The Adames batting was consistent after a slow April, knocking career highs in batting average, home runs, stolen bases - he just missed on RBIs.

A steady occupant of the third spot in the batting order, Willy was much better batting fourth but hey, they don't ask me to fill out the lineup card!

While much can be said of the numbers Willy Adames generated, his best talent is his personality. He brings winning attitude and lifts a club with a cheerful presence, forming a bond with players and fans that makes baseball fun to play and watch.

More than one person suggested that the first half MVP award for this team goes to catcher Mike Marjama.

A torn quad muscle ended the young backstops season much too early, his handling of the pitching staff was exemplary in the first half. Marj brought a great bat to the middle of the lineup and was an important factor in the Biscuits success.

Marj underwent surgery to repair his injury after it became apparent that he would not be able to return to the team during either the season or the playoffs.

Credit Marjama that he was trying to get back to help his teammates, working to rehab until the last possible moment, even to get into just one game to help the Biscuits to a pennant.

Mike Marjama is a solid catcher and an excellent individual, always striking me as an upfront and hardworking player.

Batting .288 with five homers and 38 RBI in just under a half season, Mike should be ready to go for spring training and hopefully come back to Montgomery to pick up right where he left off.

Jake Bauers had a fabulous season and is a strong team MVP candidate, the young slugger handled being shuffled from outfield to first base with ease and showed great defensive skills at both positions, making it hard to pass him up for the award.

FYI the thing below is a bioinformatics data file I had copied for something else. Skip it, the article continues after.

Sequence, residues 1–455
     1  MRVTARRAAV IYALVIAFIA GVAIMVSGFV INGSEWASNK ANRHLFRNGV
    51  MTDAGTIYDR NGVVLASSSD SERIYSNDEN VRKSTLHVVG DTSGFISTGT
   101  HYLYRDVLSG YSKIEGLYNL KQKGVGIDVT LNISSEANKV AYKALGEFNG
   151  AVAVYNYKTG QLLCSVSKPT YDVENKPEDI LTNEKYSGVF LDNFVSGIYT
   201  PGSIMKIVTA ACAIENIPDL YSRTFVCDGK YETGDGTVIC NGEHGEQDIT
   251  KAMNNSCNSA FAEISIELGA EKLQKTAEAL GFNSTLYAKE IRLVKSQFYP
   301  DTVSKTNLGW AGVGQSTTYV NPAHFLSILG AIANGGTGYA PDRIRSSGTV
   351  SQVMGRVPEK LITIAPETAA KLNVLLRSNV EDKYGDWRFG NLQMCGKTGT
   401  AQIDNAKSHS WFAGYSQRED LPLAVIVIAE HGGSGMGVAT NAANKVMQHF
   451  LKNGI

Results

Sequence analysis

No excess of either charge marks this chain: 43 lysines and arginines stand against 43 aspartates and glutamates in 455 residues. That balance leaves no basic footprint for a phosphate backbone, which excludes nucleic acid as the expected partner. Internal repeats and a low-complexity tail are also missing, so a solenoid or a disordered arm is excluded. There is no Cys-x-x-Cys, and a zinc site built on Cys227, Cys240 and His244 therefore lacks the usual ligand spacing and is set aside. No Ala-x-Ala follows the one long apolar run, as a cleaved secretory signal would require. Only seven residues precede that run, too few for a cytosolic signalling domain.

Indeed, many consider Jake Bauers the best all round first baseman the team has had. Jake didn't let many bad throws get by him, his ability to dig out low balls is excellent. Bauers brings good movement around the bag and has great range for a first baseman.

Bauer had seven outfield assists, so don't run on Jake. He had ten stolen bases, though, so he might run on you!

Jake led the team with 14 home runs, 78 RBI, stole ten bases and played both right field and first base with flair.

No Biscuit played in more games this year than Jake Bauers 135.

Bauers should be co-MVP, if Willie wants to share the title.

An online poll saw a write-in vote cast for catcher Jake DePew, and I wholeheartedly agree that JD made the difference for the Biscuits when they needed him most.

Moving from backup to every day catcher, Jake stepped up and took over handling tough pitchers.

If it were not for the fine play of DePew, Montgomery would not have made it to the post season. Jake DePew saved the Biscuits.

Also an online vote was cast for Miss Gravy, the suidae mascot in her final season with the team. Unfortunately Miss G did not appear at enough games to qualify for the award, but is regarded highly enough that her name was tossed in for consideration.

The toughest of the awards, the three headed monster of Hu-Guerrieri-Kirsch drove the Biscuits into contention.

With around 140 innings pitched each, its tough to find a way to set one apart from the others.

Taylor Guerrieri won a dozen games, Chih-Wei Hu led the league in ERA and Chris Kirsch pitched his way onto the league leaderboard in multiple stats.

Any of the three could easily handle the moniker of MVPitcher, but if I have to choose one....

For me, the title of Most Valuable Pitcher goes to lefthander Chris Kirsch, who had a solid season and led the pitching staff with 114 strikeouts.

Kirsch pitched a dominant complete game shutout at Birmingham and later brought the Biscuits their first postseason win at home in almost ten seasons.

Among the top five leaders in ERA and strikeouts in the league, Kirsch never missed a start and almost always carried the ball late into the game.

Following the final game I caught Chris to congratulate him on his work this summer. This is how the conversation went: